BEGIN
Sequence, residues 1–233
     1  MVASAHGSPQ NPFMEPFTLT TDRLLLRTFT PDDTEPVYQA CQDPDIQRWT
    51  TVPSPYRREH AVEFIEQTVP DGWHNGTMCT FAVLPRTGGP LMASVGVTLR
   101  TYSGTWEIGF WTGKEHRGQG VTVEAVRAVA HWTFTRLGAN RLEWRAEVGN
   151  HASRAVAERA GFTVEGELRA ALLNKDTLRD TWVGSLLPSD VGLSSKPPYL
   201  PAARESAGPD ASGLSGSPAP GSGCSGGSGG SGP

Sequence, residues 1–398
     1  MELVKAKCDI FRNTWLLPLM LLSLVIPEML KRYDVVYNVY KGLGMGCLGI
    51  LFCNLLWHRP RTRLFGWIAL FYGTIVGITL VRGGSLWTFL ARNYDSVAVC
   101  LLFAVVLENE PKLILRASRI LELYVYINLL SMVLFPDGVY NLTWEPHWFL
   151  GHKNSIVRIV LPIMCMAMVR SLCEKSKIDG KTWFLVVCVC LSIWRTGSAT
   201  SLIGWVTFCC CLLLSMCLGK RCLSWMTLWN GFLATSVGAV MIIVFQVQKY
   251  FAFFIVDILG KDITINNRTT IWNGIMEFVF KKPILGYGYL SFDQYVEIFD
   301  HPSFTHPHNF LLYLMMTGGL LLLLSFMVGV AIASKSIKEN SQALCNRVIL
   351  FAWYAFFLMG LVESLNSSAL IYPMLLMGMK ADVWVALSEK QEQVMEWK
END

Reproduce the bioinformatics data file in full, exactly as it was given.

Sequence, residues 1–233
     1  MVASAHGSPQ NPFMEPFTLT TDRLLLRTFT PDDTEPVYQA CQDPDIQRWT
    51  TVPSPYRREH AVEFIEQTVP DGWHNGTMCT FAVLPRTGGP LMASVGVTLR
   101  TYSGTWEIGF WTGKEHRGQG VTVEAVRAVA HWTFTRLGAN RLEWRAEVGN
   151  HASRAVAERA GFTVEGELRA ALLNKDTLRD TWVGSLLPSD VGLSSKPPYL
   201  PAARESAGPD ASGLSGSPAP GSGCSGGSGG SGP

Sequence, residues 1–398
     1  MELVKAKCDI FRNTWLLPLM LLSLVIPEML KRYDVVYNVY KGLGMGCLGI
    51  LFCNLLWHRP RTRLFGWIAL FYGTIVGITL VRGGSLWTFL ARNYDSVAVC
   101  LLFAVVLENE PKLILRASRI LELYVYINLL SMVLFPDGVY NLTWEPHWFL
   151  GHKNSIVRIV LPIMCMAMVR SLCEKSKIDG KTWFLVVCVC LSIWRTGSAT
   201  SLIGWVTFCC CLLLSMCLGK RCLSWMTLWN GFLATSVGAV MIIVFQVQKY
   251  FAFFIVDILG KDITINNRTT IWNGIMEFVF KKPILGYGYL SFDQYVEIFD
   301  HPSFTHPHNF LLYLMMTGGL LLLLSFMVGV AIASKSIKEN SQALCNRVIL
   351  FAWYAFFLMG LVESLNSSAL IYPMLLMGMK ADVWVALSEK QEQVMEWK